It appears things will be back to normal at the Hay River Medical Clinic by May 13.
Since April 23, the clinic has been experiencing reduced hours because of a shortage of physicians.
“It looks like we’re going to be returning to our average complement of practitioners on the 13th,” said Bonnie Kimble, acting CEO with the Hay River Health and Social Services Authority, in a presentation to town council on April 27. “That’s kind of our light at the end of the tunnel.”
When the reduction in services began, it was originally estimated that things would not be back to normal at the medical clinic until May 20.
Kimble told council that the health authority has been constantly recruiting for locum physicians during the shortage.
Locums work in various communities for short periods of time.
“Every day we’re pulling somebody in if we can get them for a 24-hour shift or if we can get them for a 48-hour shift,” Kimble said.
The reduced hours at the clinic were caused when two locum physicians could not make their planned trips to the community. They had been scheduled to replace two physicians who were on leave.
“We did have coverage,” said Kimble. “We had a couple of locums booked to help us during this time. Unfortunately, they had to cancel on us, which left us in this position.”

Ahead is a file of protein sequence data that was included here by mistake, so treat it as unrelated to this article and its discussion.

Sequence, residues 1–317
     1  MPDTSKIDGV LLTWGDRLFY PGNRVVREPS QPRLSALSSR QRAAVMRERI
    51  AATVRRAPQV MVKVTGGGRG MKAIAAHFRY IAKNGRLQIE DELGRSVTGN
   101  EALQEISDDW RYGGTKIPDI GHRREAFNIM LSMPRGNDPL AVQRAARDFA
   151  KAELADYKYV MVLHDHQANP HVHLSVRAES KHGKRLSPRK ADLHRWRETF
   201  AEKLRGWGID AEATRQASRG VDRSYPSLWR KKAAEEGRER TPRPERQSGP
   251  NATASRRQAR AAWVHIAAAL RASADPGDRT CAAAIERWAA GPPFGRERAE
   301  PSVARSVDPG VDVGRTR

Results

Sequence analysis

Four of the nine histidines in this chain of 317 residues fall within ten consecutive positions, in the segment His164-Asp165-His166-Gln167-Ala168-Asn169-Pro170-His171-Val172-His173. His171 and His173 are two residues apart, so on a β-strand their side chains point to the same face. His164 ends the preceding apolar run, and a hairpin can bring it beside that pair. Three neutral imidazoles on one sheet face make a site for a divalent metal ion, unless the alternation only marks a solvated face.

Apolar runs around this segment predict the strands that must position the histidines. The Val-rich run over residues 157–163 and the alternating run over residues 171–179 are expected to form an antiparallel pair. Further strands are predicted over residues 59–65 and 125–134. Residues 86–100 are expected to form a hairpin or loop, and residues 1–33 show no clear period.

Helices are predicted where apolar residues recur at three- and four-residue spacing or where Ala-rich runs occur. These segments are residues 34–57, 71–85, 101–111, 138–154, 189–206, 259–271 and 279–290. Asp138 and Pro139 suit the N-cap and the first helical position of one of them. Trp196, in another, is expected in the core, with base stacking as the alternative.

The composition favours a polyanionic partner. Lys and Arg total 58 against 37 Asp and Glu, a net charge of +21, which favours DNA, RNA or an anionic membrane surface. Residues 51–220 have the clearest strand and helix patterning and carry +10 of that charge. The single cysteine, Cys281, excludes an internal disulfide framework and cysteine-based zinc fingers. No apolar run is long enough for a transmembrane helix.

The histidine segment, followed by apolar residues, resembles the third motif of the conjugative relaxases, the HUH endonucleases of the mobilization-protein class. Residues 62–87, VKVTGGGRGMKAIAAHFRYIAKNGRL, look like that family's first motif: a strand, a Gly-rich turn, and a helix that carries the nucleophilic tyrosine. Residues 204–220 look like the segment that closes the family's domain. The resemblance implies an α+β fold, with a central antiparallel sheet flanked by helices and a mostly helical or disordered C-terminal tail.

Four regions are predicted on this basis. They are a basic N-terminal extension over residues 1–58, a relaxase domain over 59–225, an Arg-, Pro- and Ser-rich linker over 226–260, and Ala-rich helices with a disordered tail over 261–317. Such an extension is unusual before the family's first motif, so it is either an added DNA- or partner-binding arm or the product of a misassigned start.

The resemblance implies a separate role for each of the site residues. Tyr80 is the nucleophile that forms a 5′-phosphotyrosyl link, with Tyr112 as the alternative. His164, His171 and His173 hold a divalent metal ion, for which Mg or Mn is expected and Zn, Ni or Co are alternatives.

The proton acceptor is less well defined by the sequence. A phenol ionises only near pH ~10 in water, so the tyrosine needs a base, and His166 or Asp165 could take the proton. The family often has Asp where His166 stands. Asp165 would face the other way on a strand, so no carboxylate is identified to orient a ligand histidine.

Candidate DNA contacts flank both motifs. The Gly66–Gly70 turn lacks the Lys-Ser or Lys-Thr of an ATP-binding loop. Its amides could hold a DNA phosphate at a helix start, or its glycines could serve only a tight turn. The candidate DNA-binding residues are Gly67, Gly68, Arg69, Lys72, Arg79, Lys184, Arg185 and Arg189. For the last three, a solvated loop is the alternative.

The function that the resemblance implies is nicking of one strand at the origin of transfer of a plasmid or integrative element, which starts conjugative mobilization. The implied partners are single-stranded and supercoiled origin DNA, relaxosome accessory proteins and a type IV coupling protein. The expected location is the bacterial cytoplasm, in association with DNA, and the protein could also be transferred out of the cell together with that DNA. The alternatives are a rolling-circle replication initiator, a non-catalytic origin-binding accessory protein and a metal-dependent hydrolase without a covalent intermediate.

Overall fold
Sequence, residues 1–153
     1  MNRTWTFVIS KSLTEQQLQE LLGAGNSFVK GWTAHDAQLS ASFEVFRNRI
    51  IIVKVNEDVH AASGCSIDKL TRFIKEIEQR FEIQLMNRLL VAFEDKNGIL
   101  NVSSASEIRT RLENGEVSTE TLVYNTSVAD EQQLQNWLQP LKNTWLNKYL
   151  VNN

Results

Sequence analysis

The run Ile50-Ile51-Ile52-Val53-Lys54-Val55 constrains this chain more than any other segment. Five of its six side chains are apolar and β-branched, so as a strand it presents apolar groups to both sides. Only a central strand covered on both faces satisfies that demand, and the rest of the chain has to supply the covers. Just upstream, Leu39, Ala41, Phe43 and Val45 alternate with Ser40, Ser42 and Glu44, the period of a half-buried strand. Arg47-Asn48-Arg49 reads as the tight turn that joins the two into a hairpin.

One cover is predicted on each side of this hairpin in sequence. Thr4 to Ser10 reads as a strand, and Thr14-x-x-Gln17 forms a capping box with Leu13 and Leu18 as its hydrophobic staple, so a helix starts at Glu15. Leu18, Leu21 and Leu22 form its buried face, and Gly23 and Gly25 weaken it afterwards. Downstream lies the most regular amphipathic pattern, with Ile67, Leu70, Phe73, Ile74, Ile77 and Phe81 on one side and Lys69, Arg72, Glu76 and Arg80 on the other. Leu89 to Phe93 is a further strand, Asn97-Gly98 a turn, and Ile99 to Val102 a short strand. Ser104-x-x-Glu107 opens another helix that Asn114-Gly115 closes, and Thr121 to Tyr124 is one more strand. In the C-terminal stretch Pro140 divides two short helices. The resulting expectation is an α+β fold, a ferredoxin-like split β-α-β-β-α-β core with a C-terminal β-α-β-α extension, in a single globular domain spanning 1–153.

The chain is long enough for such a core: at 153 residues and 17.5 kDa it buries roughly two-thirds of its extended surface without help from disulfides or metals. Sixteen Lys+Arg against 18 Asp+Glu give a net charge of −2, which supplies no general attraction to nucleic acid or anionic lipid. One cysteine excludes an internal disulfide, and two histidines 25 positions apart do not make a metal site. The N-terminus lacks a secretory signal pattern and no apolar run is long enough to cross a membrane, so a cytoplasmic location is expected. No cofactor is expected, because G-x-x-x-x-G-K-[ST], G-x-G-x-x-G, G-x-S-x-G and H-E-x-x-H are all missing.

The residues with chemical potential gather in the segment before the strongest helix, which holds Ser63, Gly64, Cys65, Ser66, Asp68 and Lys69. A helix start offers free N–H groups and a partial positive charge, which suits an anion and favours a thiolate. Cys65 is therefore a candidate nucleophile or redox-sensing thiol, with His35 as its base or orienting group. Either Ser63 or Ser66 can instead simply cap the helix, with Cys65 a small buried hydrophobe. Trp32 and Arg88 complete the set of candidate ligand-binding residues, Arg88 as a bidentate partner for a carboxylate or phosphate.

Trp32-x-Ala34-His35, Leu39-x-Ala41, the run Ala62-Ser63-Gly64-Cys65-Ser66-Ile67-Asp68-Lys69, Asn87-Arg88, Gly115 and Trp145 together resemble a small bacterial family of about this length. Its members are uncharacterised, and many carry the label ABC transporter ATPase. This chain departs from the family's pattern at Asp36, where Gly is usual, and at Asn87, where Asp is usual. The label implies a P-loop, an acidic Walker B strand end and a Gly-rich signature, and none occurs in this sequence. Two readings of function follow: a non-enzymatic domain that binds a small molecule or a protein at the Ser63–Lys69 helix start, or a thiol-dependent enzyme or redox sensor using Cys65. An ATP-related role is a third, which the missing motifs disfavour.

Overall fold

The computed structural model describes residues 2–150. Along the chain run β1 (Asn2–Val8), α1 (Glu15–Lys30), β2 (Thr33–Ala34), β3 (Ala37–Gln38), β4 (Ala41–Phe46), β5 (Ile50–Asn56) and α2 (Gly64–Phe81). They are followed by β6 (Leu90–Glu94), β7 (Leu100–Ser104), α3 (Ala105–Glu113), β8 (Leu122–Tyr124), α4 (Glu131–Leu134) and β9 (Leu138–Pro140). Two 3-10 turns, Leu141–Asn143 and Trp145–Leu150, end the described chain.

During the shortage of physicians, priority at the Hay River Regional Health Centre has been given to emergency, inpatients, long-term care and homecare.
Still, the number of inpatients has been capped at around seven or eight.
Kimble also told council that staff is managing a busier workload from clients coming into emergency who would normally be seen in the medical clinic.
“There has been a slowdown, but not an unreasonable backlog,” she said of emergency services. “So everybody is being seen. The wait time is three to four hours for the lower-level emergencies.”
Councillors expressed a number of concerns about the overall situation.
Coun. Keith Dohey asked about a rumour that a doctor had been on call for 72 hours the previous weekend and was back in the medical clinic on a Monday afternoon.
“Would that be a common practice, or is that obviously because of the shortage?” he asked, wondering about the possibility of physician fatigue.
“It’s because of the shortage,” said Kimble.
“It’s not an ideal situation for anybody, but what we do is we manage it with the staff,” she added. “So the staff work to give the doctor breaks. We’ve got a sleep room in the medical clinic so that the doctor can go and get some rest.”
Brian Willows, the public administrator with the Hay River Health and Social Services Authority and also a town councillor, told council that the health authority probably could have done a better job in communicating with the public during the physician shortage.
“I don’t think we communicated as effectively as we could have, and we’ve learned some lessons,” Willows said. “And hopefully going forward we’ll do a better job.”
In Hay River, there are normally three full-time physicians.